Airworthiness Notice - B009, Edition 1 - 21 June 1993

Chip Detectors in Aircraft Engines, APU's, Transmissions and Reduction Gearboxes

(This Airworthiness Notice supersedes N-AME-AO 10/89 )
(dated 25 April 1989)

Introduction

In various aircraft the engine(s), auxiliary power unit (APU), transmission and/or reduction gearbox (RGB) systems may include one or more chip detectors. These devices, whether required or optional, are usually relied upon by operators and maintainers to monitor the health or airworthiness of the engine, APU, transmission or RGB. This is accomplished by detecting iron-based metal in the oil system using one of a variety of techniques. 

Background

Transport Canada has conducted an informal survey of engine manufacturers and has found that in spite of high reliability rates, chip detectors do fail periodically. The initial survey was prompted by the failure of a chip detector on a commuter aircraft. As outlined in Airworthiness Directive CF-88-22R2, the dormant failure of the chip detector allowed a progressive failure of the RGB to go unnoticed. This resulted in an uncontained engine failure and penetration of the aircraft cabin. The subsequent survey of over 400 of the same chip detector on the same aircraft and engine models revealed another 38 open circuit chip detectors. Another survey of a different, more sophisticated, type of chip detector revealed 30 removals, most due to failures of the features additional to the basic detector probe. For chip detectors which may have a dormant failure mode, the attrition rate is currently unknown.

Types of Chip Detector

There are a number of types of chip detector available with different indicating systems and applications. Some of these types are:

  1. Magnetic Plug:  This type of chip detector has one or more magnetic poles set in a plug which is easily removed from the gearbox casing by a bayonet type mount. This type usually incorporates a self-sealing feature to avoid draining the oil from the gearbox. The magnetic poles attract and retain the chips for visual observation when the plug is removed.
  2. Two Pole, Two Wire:  This type of chip detector is similar to the magnetic plug except that it need not be removed to detect chips. The poles are wired to connector pins which, in turn, may connect the chip detector to some form of remote indicator (e.g. flag, warning light, etc.). An alternative indication would be a continuity check across the connector pins, with a continuous circuit indicating chips. This type of chip detector may be self-sealing or not. Where the chip detector is supplied with the engine, APU or transmission an associated remote indicating system is airframe supplied. Two variants of this chip detector type are illustrated below, one using its casing as part of the circuit. In either case, chips at the poles complete the circuit, causing the flag or warning light to indicate the presence of chips. The alternate indication by continuity check is similar to the magnetic plug type, requiring an inspection by maintenance personnel.

    WARNING
    :  This type of chip detector has a DORMANT FAILURE mode. This means that a failed chip detector gives the same indication as for a chip-free condition, even if chips are present.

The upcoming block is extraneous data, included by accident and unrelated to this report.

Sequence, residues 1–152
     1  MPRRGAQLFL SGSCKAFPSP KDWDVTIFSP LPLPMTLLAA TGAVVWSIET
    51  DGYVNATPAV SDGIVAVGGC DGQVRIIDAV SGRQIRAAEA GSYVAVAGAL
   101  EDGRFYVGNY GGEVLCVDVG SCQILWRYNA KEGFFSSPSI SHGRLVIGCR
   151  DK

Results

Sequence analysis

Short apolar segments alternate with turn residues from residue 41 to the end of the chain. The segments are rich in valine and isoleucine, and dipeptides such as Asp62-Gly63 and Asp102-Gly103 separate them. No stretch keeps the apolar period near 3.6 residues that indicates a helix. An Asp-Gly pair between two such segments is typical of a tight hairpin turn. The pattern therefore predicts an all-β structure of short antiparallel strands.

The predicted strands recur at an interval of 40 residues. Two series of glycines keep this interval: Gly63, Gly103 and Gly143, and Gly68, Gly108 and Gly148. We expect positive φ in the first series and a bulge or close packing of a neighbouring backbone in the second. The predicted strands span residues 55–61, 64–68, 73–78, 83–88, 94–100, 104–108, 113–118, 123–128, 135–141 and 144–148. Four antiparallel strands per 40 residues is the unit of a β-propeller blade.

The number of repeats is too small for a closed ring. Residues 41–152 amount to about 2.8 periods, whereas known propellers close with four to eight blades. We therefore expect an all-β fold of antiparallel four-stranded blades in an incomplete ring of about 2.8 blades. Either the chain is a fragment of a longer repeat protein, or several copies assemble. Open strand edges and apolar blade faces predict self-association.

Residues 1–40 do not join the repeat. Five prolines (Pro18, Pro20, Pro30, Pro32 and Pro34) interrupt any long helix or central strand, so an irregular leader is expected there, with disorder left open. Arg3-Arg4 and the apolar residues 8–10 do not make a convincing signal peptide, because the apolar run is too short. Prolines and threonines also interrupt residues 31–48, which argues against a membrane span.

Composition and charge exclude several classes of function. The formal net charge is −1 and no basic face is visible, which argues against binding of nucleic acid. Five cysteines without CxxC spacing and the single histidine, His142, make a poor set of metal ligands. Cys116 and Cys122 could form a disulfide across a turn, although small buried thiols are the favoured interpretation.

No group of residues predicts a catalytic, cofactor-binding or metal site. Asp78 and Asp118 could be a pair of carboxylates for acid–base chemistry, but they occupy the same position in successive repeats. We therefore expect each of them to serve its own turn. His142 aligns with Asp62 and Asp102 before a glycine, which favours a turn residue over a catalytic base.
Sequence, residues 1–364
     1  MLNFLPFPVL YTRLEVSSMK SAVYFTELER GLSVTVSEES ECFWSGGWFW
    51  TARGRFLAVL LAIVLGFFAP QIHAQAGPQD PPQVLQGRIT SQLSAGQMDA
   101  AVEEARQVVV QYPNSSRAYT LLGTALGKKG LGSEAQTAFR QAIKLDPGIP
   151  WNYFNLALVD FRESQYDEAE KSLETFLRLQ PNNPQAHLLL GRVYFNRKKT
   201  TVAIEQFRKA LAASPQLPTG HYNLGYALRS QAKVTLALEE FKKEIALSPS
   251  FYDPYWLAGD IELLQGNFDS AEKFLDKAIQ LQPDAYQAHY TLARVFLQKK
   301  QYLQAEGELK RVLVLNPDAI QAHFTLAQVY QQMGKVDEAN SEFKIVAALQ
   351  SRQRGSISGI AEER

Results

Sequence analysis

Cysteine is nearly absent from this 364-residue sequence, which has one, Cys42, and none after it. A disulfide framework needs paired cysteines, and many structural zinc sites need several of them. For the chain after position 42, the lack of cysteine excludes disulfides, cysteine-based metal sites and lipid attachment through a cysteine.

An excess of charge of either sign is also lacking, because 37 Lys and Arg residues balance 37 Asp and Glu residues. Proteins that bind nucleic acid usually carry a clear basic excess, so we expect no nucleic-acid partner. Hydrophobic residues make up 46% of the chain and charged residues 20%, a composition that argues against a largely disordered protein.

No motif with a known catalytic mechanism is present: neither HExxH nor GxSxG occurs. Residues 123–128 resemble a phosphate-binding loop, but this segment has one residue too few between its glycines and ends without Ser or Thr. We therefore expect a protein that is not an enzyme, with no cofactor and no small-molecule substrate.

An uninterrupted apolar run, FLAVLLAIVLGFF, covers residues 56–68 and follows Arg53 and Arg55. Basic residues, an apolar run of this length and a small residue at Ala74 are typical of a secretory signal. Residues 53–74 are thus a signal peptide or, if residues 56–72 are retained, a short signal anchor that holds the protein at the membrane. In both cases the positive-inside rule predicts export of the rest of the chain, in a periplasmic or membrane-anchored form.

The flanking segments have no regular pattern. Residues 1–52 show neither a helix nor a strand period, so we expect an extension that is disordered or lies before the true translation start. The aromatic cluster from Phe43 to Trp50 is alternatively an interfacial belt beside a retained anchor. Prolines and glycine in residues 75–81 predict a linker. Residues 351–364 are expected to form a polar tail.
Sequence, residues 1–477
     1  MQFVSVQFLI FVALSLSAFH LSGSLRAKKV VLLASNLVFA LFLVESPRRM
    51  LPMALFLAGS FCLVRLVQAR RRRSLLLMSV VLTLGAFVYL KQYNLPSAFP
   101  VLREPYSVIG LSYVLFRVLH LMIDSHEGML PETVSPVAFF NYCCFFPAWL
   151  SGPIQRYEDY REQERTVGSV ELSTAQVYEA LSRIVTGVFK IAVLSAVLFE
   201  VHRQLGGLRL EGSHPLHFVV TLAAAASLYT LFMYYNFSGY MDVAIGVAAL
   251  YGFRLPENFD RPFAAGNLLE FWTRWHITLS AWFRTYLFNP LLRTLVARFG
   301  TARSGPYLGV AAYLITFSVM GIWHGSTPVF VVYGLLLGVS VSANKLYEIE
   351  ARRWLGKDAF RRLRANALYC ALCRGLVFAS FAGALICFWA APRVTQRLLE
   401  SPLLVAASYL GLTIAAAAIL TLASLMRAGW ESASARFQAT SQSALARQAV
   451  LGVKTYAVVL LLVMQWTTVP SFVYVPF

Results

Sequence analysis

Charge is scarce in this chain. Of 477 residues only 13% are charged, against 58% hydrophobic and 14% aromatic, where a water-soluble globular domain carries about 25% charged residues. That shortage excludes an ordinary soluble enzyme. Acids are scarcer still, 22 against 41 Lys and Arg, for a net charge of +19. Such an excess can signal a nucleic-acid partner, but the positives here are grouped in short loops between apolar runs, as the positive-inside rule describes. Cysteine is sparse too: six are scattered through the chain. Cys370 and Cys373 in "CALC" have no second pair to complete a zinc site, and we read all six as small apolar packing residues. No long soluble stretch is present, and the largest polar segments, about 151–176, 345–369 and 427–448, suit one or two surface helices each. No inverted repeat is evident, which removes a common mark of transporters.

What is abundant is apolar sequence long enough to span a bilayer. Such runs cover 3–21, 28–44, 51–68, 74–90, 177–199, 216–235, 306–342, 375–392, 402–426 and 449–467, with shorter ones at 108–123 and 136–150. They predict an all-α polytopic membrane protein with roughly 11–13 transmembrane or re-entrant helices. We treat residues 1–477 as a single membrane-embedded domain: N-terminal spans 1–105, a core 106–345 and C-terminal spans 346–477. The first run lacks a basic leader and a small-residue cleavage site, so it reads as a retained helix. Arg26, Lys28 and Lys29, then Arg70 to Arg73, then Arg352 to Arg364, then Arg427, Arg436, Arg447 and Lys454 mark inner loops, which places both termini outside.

3. Two Pole, Four Wire:  This type of detector differs from the previous type only by incorporating an additional wire per pole, as shown below. The additional feature allows for installing a "press-to-test" function on the aircraft so that the chip detector need not be removed to test it for functionality of the circuitry. Future use of microprocessors may produce a continually self-checking system.
  4. Full Flow:  A more sophisticated type of chip detector is the full flow unit. This unit incorporates a chip detector probe, a casing and filter, and a bypass valve to avoid blockage or to bypass cold viscous oil. In this type, the detector probe may take any of the three forms detailed above.
  5. Fuzz Burners:  This type of chip detector is similar to type 3 listed above, but utilizes the alternate circuit to carry current. This circuit is then used to burn off the "fuzz", or light metal dust particles, which may be generated by normal wear, therefore not generating a nuisance warning.

Maintenance Requirements

As with all safety devices, chip detectors need to be functionally checked at appropriate intervals. The types of chip detectors discussed in this notice may fail in a variety of modes including loss of magnetism, corrosion and open circuits. To avoid continued "use" of a failed chip detector, Transport Canada strongly recommends that:  ALL CHIP DETECTORS MUST BE FUNCTIONALLY CHECKED AT EVERY SCHEDULED OR UNSCHEDULED ENGINE/APU/ TRANSMISSION/RGB REMOVAL, UNLESS A SHORTER INTERVAL IS WARRANTED. Different manufacturers may already have such checks in place (Maintenance or Overhaul Manuals) and may also detail an interval based on operating hours or calendar time.

Operators and owners are urged to review their maintenance programs or schedules to verify that they regularly check their chip detectors for magnetism and functional integrity. If there is any doubt, please contact the manufacturer to establish this necessary interval.

It should be clearly understood that a check of functional integrity involves removal of the chip detector, bridging of the magnetic poles with a conductive material, and a continuity check for completion of the circuit. A second check with the canon-plug connected to an airframe indicator system will check the integrity of the airframe system also.

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